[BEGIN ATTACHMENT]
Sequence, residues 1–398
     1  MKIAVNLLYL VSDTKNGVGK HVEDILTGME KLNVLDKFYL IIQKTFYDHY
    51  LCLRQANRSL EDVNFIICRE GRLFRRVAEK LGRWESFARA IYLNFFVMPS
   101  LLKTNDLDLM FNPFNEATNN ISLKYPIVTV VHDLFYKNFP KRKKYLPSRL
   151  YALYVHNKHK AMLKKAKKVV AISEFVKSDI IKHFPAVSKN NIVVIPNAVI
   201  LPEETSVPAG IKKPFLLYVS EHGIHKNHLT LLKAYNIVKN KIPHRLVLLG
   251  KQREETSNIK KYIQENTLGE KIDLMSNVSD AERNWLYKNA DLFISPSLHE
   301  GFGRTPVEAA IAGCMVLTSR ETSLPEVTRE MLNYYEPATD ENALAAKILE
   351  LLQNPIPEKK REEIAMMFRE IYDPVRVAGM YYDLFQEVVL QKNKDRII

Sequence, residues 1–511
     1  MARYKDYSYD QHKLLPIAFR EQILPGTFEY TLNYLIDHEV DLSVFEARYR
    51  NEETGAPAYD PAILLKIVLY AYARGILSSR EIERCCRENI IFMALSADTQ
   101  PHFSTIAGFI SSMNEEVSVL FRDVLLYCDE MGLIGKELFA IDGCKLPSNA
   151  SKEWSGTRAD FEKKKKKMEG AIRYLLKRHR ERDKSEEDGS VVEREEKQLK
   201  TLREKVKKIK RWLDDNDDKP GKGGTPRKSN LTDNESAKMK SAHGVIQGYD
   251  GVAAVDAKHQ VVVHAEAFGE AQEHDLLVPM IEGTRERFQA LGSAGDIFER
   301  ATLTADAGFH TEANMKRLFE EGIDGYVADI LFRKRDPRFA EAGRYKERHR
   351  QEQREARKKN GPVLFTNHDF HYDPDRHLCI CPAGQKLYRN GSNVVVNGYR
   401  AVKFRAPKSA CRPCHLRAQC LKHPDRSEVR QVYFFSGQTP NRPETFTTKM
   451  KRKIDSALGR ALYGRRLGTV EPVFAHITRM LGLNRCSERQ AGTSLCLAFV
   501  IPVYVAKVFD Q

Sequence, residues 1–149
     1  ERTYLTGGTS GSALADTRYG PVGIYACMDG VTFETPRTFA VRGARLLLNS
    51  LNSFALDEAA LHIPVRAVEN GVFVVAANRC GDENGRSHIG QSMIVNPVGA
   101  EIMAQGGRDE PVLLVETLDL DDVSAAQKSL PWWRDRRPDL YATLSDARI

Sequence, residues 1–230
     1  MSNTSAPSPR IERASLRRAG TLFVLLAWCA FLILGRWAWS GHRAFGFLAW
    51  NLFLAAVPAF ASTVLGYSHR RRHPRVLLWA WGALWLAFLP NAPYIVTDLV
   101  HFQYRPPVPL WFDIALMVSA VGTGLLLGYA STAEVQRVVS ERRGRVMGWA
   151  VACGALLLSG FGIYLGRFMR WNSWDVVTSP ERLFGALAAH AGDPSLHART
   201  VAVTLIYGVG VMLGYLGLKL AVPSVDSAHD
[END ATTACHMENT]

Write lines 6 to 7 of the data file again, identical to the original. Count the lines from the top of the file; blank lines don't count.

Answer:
   201  LPEETSVPAG IKKPFLLYVS EHGIHKNHLT LLKAYNIVKN KIPHRLVLLG
   251  KQREETSNIK KYIQENTLGE KIDLMSNVSD AERNWLYKNA DLFISPSLHE